What I think is so good about the points system is, when your kids are small you can get away with a " studio" and have longer stays, as they get bigger ( if they can share the pull out) and you don't want to be sharing a room you can use a one bedroom. Want to bring Grandparents? or you have more than 2 kids ? get a 2 bedroom. Fancy a family holiday with Grandparents and your brother/sister's family? Save up you points and get a 3 bedroom. Kids have all flown the coop? get a studio and have a long time there. Become grandparents, take your children and their family and get a two bedroom. It is a system that allows your family to grow and your needs ( time of the year) to change without penalising you.

    IMHO between 200 and 300 points should be enough for most people's needs UNLESS you want to stay exclusively on Disney for 3 weeks EVERY YEAR in a larger unit. There are a lot of ways to make the most out of your points and I prefer to use the DVC as " a little extra treat" within a holiday not as my exclusive destination. There are many that prefer to stay on DVC ALL the time, to each their own.

    Owning a house

    Obviously this is a bigger commitment and really IMHO should only be looked at IF your concidering spending A LOT OF TIME in Florida in the future. I do plan to retire there and spend AT LEAST 4-6 month each year there when I do. US immigration rules at the moment allow you to spend one day short of 6 months each year without becoming resident, more than that you have to get a green card, which isn't easy !!. As an investment, your not going to get rich on your rental earnings and IMHO if you do better than break even then your doing well. As far as property prices in the future..... Who knows, IMHO they are likely to rise as the population ages and more of that generation have the money to either have a holiday home in a warm climate or just plain go live there all year round.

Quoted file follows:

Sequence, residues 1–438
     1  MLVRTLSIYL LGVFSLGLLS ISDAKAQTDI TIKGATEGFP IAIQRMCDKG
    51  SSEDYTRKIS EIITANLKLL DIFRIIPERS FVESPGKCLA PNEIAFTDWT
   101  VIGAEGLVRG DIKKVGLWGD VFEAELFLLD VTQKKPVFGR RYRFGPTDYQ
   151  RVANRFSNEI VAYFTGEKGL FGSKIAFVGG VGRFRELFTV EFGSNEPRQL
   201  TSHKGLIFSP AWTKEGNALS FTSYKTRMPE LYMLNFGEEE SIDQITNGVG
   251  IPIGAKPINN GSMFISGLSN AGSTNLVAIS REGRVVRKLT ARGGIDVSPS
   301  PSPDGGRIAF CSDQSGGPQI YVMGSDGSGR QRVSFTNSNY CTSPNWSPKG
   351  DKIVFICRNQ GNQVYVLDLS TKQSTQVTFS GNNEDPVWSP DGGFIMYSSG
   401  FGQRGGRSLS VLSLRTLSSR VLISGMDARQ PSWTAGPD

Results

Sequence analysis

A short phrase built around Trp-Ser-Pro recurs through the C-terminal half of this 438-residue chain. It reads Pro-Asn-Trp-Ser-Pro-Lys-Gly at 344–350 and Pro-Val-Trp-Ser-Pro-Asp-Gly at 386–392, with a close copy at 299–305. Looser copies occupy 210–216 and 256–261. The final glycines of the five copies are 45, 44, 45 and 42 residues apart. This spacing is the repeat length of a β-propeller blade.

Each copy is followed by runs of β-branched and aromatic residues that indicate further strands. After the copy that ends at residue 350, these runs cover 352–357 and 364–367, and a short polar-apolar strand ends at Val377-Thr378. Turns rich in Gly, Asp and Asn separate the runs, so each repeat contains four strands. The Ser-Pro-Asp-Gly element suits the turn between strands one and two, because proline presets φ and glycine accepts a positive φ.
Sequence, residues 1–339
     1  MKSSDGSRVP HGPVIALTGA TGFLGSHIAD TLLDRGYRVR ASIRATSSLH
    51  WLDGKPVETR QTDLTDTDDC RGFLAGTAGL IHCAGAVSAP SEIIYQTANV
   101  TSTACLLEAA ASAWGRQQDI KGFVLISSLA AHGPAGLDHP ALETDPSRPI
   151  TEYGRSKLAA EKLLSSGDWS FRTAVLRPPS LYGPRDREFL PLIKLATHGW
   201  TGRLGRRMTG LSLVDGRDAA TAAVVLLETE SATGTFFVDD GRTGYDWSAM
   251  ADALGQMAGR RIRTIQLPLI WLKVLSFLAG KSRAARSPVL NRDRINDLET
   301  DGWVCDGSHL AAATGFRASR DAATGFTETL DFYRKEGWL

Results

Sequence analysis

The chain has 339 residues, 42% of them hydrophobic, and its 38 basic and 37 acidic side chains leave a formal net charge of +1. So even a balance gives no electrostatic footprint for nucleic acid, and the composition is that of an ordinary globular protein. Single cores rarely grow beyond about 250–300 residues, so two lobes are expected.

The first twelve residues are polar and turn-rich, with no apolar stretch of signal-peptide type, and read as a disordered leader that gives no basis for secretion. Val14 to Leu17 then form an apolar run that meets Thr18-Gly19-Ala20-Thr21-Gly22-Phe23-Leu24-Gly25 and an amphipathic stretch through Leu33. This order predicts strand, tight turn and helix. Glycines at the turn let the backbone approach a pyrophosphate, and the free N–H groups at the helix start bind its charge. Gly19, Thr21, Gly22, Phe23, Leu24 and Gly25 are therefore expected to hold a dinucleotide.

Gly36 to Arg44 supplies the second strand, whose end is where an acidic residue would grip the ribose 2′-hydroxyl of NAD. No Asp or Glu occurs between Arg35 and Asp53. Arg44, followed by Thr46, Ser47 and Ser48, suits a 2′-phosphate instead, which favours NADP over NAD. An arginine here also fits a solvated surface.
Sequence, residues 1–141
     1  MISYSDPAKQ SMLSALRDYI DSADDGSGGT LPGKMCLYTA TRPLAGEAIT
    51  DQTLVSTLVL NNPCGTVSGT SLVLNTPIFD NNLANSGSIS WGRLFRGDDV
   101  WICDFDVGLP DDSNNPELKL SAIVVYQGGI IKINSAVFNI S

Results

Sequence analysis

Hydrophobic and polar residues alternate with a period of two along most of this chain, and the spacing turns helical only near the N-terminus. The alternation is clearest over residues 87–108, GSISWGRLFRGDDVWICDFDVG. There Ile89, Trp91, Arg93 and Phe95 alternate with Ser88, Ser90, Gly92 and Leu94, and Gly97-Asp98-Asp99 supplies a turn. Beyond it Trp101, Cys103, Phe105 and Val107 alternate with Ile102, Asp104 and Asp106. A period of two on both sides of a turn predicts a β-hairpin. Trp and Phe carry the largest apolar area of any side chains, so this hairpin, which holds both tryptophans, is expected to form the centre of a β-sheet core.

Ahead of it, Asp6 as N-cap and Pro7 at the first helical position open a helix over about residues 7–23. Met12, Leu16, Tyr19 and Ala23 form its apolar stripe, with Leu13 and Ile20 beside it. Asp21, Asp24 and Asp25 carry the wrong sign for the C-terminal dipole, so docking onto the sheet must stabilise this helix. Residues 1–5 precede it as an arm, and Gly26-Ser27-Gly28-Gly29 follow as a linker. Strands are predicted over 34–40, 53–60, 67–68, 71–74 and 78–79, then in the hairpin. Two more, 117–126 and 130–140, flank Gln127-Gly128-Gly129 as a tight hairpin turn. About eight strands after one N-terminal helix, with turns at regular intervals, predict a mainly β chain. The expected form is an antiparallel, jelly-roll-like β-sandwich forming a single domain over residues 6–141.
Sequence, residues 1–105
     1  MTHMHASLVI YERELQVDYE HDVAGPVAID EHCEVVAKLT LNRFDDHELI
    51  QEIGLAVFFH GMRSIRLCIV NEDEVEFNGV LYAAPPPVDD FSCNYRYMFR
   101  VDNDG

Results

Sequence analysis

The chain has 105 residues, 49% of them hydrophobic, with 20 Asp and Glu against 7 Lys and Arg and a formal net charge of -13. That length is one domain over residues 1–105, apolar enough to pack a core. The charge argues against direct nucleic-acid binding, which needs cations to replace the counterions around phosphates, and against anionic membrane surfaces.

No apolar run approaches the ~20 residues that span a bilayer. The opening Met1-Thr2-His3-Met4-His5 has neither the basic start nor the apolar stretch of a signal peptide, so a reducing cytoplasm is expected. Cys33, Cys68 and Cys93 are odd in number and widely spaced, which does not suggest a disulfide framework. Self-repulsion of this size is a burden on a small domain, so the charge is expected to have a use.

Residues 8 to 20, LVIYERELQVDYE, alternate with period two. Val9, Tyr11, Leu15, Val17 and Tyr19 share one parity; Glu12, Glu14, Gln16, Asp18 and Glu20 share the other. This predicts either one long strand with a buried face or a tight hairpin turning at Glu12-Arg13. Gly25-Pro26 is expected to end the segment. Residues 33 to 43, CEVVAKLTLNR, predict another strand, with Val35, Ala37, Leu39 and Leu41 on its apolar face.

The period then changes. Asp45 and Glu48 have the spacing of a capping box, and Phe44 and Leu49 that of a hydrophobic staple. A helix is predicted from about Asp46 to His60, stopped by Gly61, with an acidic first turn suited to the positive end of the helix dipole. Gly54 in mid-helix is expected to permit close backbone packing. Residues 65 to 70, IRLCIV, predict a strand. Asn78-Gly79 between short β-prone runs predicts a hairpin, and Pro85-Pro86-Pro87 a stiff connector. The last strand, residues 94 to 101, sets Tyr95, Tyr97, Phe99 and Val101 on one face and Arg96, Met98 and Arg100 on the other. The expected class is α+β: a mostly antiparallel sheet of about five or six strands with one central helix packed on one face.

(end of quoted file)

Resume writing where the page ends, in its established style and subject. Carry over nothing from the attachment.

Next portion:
A nice 3 bedroom house not too far from WDW start from about $100,000. You need to be able to come up with about 30% as a downpayment, allow $15,000 to furnish it AND leave about $5,000 for closing costs. You should get some money back from that $50,000 but I wouldn't bank on it LOL . Your mortgage on the balance is likely to be about $800-900 and your agents "costs" about the same so your earnings need to be about $1600 a month to break even. The reality of that is you need to be rented out about 23-24 days a month to break even. Or if you prefer 38-39 weeks of the year. So far my house has been a little shy of these totals and has cost me $3-4,000 each year. But I have had 5 weeks use at PRIME rental time and would certainly have picked up bookings for all those times and would expect to have earned $2,500-3,000 for that. SO had I gone at different times I would not think it would be more than $1,000 one way or the other.

    Comparing the two.
    Commitment !! How committed are you to Florida vacations ? and your future. Both are great ways to take a holiday.
    DVC is for the next 42 years, a home is yours ( or your families for ever).

    DVC gives you (MAYBE if you are REALLY miserly with your points) 25-30 nights accomodation a year, a home ???? once it is paid for the only limit is your immigration limitations.

    Cost DVC is an outlay of maybe 3 holiday costs AT ONE TIME and minimal per year after that, a house is a major outlay and potentially a major on going one after that as well.

    Last thought.
    A house is a MAJOR commitment/investment and should not be taken on lightly, I'm happy with it because that's where I want to live eventually( certainly for 6 months of the year. I don't think I would take it on just as an investment.

    DVC is a great way to prepay your vacations, particularly if you find you have a spare £10,000 fall into your pockets and ( like me) know you'll only blow it !!!.